Here’s why mortgage demand is skyrocketing

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Top of the morning, popular markets. Phil Rosen here, writing to you from a wet and glistening New York.

Growing up, when I heard adults talk about “refinancing”, it seemed terribly boring. But since covering Wall Street, I’ve learned that there is real drama in the real estate markets.

Today I’m breaking down what’s going on with US mortgages and why you should care.


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An aerial view of a suburban housing estate in Southern California

American households have accumulated $26 trillion in home equity, the largest share of the overall housing stock since the 1980s.

hallebergman/Getty Images


1. Mortgage demand is at its lowest level in 22 years. This means that the last time Americans were this discouraged by the housing marketGeorge W. Bush was starting his first term and a gallon of gasoline cost about $1.50.

According to the Mortgage Bankers Association, demand for mortgages fell 6.3% last week as high prices strangled US residential real estate. Which does three consecutive weeks of declineand suggests more downside to come.

“Buying activity has declined for both conventional and government loans as the weakening economic outlook, high inflation and persistent affordability challenges are impacting buyer demand,” the MBA economic forecaster said.

There is a lot at stake here. For one thing, mortgage rates have roughly doubled this year, from around 3% in January to nearly 6% this month.

But the prices aren’t going down, at least not yet. Despite the drop in sales, last month marked another all-time high for median house prices.

The MBA refinance index, meanwhile, has fallen 4% over the past week and 80% in the last year.

And runaway inflation hasn’t helped. High prices and soaring rates are weighing on buyer sentiment. In turn, home builders are more pessimistic about the market than at any time since the start of the pandemic.

Moody’s chief economist Mark Zandi even warned the housing market is about to enter a “deep freeze”, because first-time home buyers cannot afford to buy.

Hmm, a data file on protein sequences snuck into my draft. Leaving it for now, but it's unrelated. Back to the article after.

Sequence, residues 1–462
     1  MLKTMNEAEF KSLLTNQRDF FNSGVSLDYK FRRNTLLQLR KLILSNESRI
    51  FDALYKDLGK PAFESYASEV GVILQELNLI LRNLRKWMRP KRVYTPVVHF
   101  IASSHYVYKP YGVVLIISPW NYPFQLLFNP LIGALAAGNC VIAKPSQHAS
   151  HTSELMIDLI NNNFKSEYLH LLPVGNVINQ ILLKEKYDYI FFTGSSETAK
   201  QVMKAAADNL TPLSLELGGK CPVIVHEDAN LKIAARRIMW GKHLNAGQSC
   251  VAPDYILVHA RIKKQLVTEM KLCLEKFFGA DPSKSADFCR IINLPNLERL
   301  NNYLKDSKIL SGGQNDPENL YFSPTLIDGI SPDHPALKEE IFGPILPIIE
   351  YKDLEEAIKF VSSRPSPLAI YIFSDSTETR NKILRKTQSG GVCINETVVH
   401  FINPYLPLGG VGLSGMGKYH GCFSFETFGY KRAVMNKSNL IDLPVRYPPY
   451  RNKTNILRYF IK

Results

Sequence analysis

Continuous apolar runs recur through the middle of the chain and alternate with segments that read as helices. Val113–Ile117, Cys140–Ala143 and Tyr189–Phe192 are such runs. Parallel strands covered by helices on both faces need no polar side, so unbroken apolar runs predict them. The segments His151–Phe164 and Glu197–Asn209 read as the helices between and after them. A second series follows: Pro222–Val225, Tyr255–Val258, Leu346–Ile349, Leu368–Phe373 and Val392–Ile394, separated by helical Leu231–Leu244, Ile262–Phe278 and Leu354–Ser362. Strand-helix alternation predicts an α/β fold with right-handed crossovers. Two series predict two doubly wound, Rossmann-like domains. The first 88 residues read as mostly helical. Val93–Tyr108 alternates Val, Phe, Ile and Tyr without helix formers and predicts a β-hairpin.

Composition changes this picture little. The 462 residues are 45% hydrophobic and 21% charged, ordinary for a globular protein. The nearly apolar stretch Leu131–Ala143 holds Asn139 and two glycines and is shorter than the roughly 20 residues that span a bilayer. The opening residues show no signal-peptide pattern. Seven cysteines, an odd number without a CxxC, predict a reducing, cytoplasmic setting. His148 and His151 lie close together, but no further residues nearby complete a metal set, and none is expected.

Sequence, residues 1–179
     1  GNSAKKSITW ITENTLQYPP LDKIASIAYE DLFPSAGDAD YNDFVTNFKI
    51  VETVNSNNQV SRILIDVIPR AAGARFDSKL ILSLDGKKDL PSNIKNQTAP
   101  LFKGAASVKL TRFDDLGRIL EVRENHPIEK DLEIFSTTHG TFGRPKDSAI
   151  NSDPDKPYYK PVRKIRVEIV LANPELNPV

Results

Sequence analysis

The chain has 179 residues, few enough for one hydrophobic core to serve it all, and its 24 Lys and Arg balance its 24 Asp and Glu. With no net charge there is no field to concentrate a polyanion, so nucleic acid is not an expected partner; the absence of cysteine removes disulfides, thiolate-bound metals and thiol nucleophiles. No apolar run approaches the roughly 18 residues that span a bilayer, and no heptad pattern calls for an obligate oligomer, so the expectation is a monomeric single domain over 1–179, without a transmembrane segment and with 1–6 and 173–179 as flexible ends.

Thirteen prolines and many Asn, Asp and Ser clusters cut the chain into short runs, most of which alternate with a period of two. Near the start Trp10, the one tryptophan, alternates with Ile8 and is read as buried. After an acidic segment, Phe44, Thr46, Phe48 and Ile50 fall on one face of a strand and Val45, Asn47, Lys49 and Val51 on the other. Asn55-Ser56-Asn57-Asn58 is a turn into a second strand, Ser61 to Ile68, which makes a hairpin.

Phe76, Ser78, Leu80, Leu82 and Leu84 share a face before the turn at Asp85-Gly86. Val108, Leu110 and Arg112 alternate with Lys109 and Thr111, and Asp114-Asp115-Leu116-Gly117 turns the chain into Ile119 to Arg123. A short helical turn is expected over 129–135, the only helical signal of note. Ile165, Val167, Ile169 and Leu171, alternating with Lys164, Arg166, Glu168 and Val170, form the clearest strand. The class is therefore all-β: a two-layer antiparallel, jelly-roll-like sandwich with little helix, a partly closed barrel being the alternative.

The conclusion of all this is that the housing market has certainly calmed down, but not enough for buyers to deal with higher mortgage rates on top of prices that still seem to be climbing.


In other news:

Inflation of purchases in grocery stores

Shopping in Rosemead, California on April 21, 2022.

Frederic J. Brown/AFP/Getty Images


2. US equity futures traded mixed early Thursday. Meanwhile, oil fell 4% and European stocks fell as investors brace for the European Central Bank’s meeting later in the day, with the bank set to raise interest rates for the first time in more than a decade. Here are the latest market moves.

3. On the role: Philip Morris Inc., Blackstone, and more, all reports. Also, look for the U.S. Department of Labor’s weekly Unemployment Insurance Claims Report.

4. The manager of the best-performing large-cap mutual fund of 2022 explained how he succeeded in a bear market through dividend investing. The portfolio expert talked about the philosophy and strategy he uses to secure earnings. These are his eight favorite stock market opportunities right now.

5. The Fed will focus on controlling inflation as strength in the labor market still points to lower recession risk, Bank of America analysts said Wednesday. In a note to clients, BofA said strong jobs data suggests the economy has stable underlying momentum, reducing downside risk. Here’s what you want to know.

6. Russia resumes fuel flows through the Nord Stream 1 gas pipeline. The pipeline was shut down for a 10-day maintenance program and it was feared that operations would not resume. But the return of flows has temporarily allayed fears of an immediate energy crisis in Europe.

7. Veteran investor Jeremy Grantham predicted weak earnings would weigh on stocks. Moreover, the market historian and co-founder of GMO said that the fall in asset prices could be prolonged – and added that the S&P 500 could plunge another 25%.

8. Morningstar’s chief market strategist said these stocks offer safe and stable gains during the bear market. Defensive stocks have been neglected in recent months, but Dave Sekera said now is the time to invest in the asset class to secure profits. See his 9 picks.

9. Crypto billionaire Sam Bankman-Fried said the crypto market may have bottomed out. He explained why the next phase of digital assets will be about consumer-friendly apps and institutional money — and the developments he’s most excited about.


Tesla stock on July 21, 2022.

Tesla stock on July 21, 2022.

Markets Insider


10. Tesla shares rose after the electric vehicle giant reported earnings after the bell on Wednesday. Second-quarter profits beat Wall Street estimates, despite the closure of a factory in China. Tesla said it sold 75% of its bitcoin holdings, after spending $1.5 billion on cryptocurrency in 2021. See how the stock is moving this morning.


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Organized by Phil Rosen in New York. (Comments or advice? [email protected] or tweet @philrosenn).

Edited by Max Adams (@maxradams) in New York and Hallam Bullock (@hallam_bullock) in London.

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